- Apply these concepts, record types, techniques, methodology, and standards to a Kinship Determination Project.
- Describe the role of the librarian in orienting patrons to the library's genealogical resources and services, and in instructing patrons in their use.
- Apply the reference interview to the specialized needs of genealogy patrons.
Core Competencies (Program Learning Outcomes)
INFO 284 supports the following core competencies:
- A Demonstrate awareness of the ethics, values, and foundational principles of one of the information professions, and discuss the importance of those principles within that profession.
- J Describe the fundamental concepts of information-seeking behaviors and how they should be considered when connecting individuals or groups with accurate, relevant and appropriate information.
- Morgan, G.C. (2015). How to do everything: Genealogy (4th ed.). New York, NY: McGraw-Hill Education. Available through Amazon: 0071845925. Available in both print and Kindle. Instructor uses Kindle version. All lecture references to textbook cite Kindle version.
The standard SJSU School of Information Grading Scale is utilized for all iSchool courses:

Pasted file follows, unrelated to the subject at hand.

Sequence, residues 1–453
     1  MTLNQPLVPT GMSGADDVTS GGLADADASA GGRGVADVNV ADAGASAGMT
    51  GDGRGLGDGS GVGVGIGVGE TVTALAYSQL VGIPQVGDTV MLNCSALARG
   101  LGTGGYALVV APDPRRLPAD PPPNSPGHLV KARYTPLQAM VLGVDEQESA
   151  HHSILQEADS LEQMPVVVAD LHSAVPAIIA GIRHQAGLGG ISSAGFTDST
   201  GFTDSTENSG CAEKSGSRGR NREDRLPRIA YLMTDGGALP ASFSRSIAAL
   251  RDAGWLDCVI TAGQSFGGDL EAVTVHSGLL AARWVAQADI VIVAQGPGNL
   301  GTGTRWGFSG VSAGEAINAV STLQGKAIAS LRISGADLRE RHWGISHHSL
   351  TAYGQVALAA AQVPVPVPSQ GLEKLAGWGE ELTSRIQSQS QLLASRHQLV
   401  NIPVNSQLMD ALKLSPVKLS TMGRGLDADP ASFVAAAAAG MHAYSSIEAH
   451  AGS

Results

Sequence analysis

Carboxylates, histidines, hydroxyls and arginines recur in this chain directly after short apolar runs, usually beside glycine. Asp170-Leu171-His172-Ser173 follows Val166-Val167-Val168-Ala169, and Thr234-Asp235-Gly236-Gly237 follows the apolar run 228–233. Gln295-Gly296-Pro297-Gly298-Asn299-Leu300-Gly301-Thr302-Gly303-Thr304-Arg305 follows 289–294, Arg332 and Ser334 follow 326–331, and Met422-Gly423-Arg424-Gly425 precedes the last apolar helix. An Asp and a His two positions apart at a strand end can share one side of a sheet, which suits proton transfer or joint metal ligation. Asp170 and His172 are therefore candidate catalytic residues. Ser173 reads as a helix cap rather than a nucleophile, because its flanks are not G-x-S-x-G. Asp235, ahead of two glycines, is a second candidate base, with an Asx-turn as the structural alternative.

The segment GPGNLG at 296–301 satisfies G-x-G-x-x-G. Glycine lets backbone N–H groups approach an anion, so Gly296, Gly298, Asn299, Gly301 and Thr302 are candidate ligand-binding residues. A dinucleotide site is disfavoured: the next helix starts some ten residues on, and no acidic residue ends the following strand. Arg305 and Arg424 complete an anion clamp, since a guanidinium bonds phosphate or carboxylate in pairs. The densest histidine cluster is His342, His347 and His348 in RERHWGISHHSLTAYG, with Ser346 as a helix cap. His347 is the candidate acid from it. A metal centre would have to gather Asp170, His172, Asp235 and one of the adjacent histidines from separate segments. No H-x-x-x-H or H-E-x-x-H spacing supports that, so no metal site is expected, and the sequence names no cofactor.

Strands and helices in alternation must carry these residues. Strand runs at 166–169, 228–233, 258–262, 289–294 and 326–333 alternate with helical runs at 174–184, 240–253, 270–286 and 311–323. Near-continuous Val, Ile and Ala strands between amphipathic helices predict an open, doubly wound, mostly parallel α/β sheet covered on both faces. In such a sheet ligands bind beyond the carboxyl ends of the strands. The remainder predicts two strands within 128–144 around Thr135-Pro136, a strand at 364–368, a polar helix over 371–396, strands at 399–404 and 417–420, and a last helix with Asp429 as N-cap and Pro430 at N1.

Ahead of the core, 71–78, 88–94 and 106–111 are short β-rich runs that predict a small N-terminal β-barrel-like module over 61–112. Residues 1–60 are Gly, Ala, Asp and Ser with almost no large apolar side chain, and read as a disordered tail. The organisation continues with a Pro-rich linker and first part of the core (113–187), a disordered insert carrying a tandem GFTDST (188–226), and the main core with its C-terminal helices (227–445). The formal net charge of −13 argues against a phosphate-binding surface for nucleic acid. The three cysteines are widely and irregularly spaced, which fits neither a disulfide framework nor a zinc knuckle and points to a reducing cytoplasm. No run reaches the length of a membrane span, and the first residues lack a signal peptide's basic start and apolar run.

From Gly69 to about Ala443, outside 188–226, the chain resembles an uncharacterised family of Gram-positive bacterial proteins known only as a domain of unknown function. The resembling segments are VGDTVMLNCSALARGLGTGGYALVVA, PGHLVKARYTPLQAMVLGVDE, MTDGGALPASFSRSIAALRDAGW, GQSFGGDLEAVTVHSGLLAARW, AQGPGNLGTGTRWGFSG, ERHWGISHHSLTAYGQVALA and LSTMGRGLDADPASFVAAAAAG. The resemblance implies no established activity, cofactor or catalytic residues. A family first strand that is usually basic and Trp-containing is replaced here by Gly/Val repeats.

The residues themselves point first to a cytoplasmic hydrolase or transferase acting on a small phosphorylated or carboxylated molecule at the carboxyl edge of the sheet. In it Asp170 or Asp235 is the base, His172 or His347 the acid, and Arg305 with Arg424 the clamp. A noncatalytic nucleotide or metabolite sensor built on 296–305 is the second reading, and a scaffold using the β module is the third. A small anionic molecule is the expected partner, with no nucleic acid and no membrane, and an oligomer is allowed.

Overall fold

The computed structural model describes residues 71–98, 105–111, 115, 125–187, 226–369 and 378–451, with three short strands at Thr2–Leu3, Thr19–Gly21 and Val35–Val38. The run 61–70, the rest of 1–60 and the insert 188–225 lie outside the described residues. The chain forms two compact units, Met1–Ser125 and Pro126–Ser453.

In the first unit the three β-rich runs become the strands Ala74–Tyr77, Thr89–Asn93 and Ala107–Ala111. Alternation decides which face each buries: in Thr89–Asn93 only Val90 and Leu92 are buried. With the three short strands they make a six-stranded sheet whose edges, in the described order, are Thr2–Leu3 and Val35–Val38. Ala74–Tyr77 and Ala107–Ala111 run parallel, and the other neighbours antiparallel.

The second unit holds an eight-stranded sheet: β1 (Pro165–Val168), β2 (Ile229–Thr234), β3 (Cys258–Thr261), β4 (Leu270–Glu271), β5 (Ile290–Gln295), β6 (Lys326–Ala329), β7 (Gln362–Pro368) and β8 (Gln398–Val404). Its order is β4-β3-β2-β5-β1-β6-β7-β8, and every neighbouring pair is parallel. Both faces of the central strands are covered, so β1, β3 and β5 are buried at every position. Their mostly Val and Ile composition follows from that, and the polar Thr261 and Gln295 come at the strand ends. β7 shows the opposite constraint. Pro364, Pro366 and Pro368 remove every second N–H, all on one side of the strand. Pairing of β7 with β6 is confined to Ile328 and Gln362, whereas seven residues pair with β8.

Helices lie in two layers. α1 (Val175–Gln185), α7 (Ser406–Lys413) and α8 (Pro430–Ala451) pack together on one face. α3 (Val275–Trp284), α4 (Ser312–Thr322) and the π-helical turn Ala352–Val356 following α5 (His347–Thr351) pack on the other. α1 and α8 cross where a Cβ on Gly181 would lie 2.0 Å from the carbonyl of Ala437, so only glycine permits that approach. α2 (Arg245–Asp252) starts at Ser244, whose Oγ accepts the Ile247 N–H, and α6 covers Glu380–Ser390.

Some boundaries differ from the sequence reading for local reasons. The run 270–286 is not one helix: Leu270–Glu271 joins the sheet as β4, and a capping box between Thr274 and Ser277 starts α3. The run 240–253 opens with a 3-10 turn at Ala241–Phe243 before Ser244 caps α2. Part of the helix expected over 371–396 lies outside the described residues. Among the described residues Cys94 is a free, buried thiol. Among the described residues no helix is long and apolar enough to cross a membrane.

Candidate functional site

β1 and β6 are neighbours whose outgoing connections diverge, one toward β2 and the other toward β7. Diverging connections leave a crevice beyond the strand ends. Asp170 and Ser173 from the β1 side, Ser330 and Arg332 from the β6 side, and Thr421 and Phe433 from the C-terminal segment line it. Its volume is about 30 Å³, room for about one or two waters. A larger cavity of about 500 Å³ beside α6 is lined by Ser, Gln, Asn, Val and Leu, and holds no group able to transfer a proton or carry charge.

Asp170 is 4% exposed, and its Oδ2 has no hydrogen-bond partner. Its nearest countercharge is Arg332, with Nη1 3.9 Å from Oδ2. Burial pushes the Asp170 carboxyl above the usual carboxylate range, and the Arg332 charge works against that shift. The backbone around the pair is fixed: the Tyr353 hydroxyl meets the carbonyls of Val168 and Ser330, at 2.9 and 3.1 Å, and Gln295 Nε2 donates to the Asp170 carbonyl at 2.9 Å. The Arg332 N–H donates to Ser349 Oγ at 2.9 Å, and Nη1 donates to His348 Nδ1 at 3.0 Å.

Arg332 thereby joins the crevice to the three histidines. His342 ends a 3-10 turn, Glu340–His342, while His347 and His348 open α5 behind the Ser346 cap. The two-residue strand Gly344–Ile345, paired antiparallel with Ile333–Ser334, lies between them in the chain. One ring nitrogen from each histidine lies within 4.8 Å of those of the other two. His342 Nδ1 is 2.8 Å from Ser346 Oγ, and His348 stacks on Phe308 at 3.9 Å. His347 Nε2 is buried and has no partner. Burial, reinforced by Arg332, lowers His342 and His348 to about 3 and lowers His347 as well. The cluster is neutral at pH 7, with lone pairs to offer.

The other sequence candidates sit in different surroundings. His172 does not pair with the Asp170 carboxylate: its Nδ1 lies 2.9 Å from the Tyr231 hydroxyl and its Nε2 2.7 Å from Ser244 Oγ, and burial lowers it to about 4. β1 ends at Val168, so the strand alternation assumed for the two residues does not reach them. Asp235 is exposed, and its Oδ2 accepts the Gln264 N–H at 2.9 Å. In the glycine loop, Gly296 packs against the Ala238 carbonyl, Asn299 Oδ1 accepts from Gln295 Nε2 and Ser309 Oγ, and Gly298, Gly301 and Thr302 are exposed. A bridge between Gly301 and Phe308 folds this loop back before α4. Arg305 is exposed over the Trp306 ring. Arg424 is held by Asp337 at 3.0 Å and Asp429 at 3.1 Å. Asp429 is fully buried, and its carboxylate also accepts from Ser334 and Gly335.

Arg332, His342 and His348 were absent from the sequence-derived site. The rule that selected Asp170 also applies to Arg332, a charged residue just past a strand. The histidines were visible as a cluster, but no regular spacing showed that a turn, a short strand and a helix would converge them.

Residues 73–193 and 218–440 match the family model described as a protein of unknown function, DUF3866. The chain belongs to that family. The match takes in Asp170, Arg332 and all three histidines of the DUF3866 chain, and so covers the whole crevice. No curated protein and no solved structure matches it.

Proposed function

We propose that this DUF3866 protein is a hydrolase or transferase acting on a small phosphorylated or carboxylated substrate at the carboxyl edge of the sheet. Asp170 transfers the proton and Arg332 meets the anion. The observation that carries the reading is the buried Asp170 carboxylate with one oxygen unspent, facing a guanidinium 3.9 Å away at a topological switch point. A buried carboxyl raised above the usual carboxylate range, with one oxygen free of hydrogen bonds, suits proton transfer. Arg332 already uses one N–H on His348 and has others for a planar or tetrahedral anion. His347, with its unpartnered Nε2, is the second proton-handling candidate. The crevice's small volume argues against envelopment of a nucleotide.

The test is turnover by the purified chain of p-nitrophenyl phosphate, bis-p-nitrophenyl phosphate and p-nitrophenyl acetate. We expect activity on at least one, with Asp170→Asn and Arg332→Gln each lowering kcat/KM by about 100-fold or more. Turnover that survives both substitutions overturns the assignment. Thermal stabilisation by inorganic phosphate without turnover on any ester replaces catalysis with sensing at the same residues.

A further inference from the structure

|97 to 100||A|
|94 to 96||A minus|
|91 to 93||B plus|
|88 to 90||B|
|85 to 87||B minus|
|82 to 84||C plus|
|79 to 81||C|
|76 to 78||C minus|
|73 to 75||D plus|
|70 to 72||D|
|67 to 69||D minus|
In order to provide consistent guidelines for assessment for graduate level work in the School, these terms are applied to letter grades:
- C represents Adequate work; a grade of "C" counts for credit for the course;
- B represents Good work; a grade of "B" clearly meets the standards for graduate level work;
For core courses in the MLIS program (not MARA or Informatics) — INFO 200, INFO 202, INFO 204 — the iSchool requires that students earn a B in the course. If the grade is less than B (B- or lower) after the first attempt you will be placed on administrative probation. You must repeat the class if you wish to stay in the program. If - on the second attempt - you do not pass the class with a grade of B or better (not B- but B) you will be disqualified.
- A represents Exceptional work; a grade of "A" will be assigned for outstanding work only.
Students are advised that it is their responsibility to maintain a 3.0 Grade Point Average (GPA).
Per University Policy S16-9, university-wide policy information relevant to all courses, such as academic integrity, accommodations, etc. will be available on Office of Graduate and Undergraduate Programs' Syllabus Information web page at: http://www.sjsu.edu/gup/syllabusinfo/. Make sure to visit this page, review and be familiar with these university policies and resources.
In order to request an accommodation in a class please contact the Accessible Education Center and register via the MyAEC portal.